NBMAA – Pulp’s Passion and Power – The Robert Lesser Collection
by Laurencia Ciprus
Suffering for art. There have always been those underappreciated/misunderstood painters with a long vision aimed too far ahead of the curve – jumping the gun and prematurely delivering a level of exceptional work to the wrong place and at the wrong time. Maybe this is why the work of the finest artists capture the highest value in dollars and popularity only when the artist is six feet under. Humiliation and poverty are often big parts of the deal. Jackson Pollock, Norman Rockwell, and Vincent Van Gogh – driven mad for his genius – lead a long list of creatives tortured both by social bias and the arbitrary opinions of the latest and greatest art gurus and power pundits. Then there is Pulp Art.
The Pop – Populist Art of the 1930’s and 40’s was the sucker punch of all time to a superlative A List of epically talented illustrators and artists. Mostly guys and a few gutsy women – many classically trained at the most respected art schools – cranked out scores of deeply detailed and dazzling covers for the cheapest low-brow publications and were paid next to nil for these 20”x30” original works on canvas. But America was hurting, and these were tough times. Generally this was one of the few avenues that these illustrators and painters had, so they could continue to make their art and keep food on the table. Dubbed “Pulp” – because these quick visual hits were printed on the cheapest junk that could legitimately pass as paper – it gave the predominately working class male reader an escape and cheap fantasy from long grinding hours, horrible working conditions, and the darkest times with the 10 cent read of the minute. American Pulp Fiction was pretty much the Reality Television of that era.
Not everyone was as excited about this cutting edge art form. The steamy, sexist, and uber violent stuff was unapologetically offensive and rendered in a limited eye popping palette of vivid red, chrome yellow, and cobalt blue. These visuals hit the raw nerve of the traditionalists and highbrow art critics; more comfortable with a socially acceptable, conventional, and more mainstream work. Despite the detailed execution of Pulp Art covers, this was definitely not the art that would wind up on a collectors wall, in a gallery, or distinguished museum. The social censors forced the roughest stuff out from the public view, stashing the magazines behind the counters of local smoke shops and newspaper stands. The sheer volume of output by these artists was amazing; some illustrators creating up to seven images per month in impossible detail without any sacrifice to quality or precision. The formula was simple, and the competition for attention on the stands fierce. It was the artist’s job to capture the reader with a vivid cover shot full with primary color, unlimited gore, cowboys, mobsters, and space aliens – with an image of half naked women thrown in and subjected to the darkest depravity – to hawk magazines like Spicy Mystery, Weird Tales, Thrilling Wonder Stories, and Detective Tales. The characters needed to be strong, the fast action in freeze-frame, and overall, darkly menacing and dangerous.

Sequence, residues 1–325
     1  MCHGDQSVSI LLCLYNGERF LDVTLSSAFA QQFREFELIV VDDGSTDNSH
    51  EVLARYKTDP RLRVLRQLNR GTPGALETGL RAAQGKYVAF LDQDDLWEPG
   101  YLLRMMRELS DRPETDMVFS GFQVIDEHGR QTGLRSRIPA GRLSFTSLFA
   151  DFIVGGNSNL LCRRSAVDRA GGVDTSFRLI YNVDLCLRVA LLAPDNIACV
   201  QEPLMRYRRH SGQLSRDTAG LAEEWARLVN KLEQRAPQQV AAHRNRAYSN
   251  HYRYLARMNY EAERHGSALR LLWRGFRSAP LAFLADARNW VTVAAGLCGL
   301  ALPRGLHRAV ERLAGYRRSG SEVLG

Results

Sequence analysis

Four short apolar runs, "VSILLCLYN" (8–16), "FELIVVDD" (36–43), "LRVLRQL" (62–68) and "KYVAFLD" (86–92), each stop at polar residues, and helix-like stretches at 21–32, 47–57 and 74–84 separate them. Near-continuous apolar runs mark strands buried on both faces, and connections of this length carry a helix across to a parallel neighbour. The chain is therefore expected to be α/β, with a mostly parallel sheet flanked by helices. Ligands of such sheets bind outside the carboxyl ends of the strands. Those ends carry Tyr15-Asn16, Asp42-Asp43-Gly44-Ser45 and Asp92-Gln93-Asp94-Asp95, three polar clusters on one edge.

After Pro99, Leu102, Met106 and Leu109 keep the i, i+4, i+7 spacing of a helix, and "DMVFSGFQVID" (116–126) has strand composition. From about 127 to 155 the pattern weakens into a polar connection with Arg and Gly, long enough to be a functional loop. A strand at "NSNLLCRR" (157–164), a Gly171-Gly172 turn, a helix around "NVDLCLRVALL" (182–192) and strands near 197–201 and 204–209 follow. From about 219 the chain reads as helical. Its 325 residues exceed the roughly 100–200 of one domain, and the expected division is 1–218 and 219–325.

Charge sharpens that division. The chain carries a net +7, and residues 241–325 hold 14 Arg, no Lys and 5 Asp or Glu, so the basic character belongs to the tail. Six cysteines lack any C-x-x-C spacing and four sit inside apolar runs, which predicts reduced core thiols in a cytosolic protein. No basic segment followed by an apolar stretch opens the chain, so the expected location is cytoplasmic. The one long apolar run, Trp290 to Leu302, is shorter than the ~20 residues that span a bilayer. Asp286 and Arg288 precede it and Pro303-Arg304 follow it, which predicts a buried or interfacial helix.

Despite the quality of the work, its lack of popularity in the fine art world rendered it useless and the canvasses disposable. Theses artists rarely wanted the canvasses returned, unless they were going to paint over the images to turn around another cover. At the time, the cover art held absolutely no collectible value, and the stockpiles couldn’t even be given away. Canvasses was thrown out with the garbage or even burned when publishers like Conde Nast and Popular Publications had to deal with a backlog stashed in their warehouses. But ironically, many of the Pulp Fiction writers had a better outcome to their career path. Writers like Edgar Rice Burroughs, Dashiell Hammett, Raymond Chandler, and Ray Bradbury all moved up into the realm of higher end publications and into legitimate and respectable publishing. Many also shifted into script writing and jumped onto an emerging Hollywood scene, with the film industry having little or no elitism in their content. In contrast, works by artists like science fiction illustrators Frank R. Paul – with his impossibly detailed Futuristic landscapes and Hannes Bok were ignored even by Sci-Fi fans, as were the stunning works of Norman Sanders, E.L.Parkhurst, and Margaret Brundage – the most famous female illustrator in Pulp Art.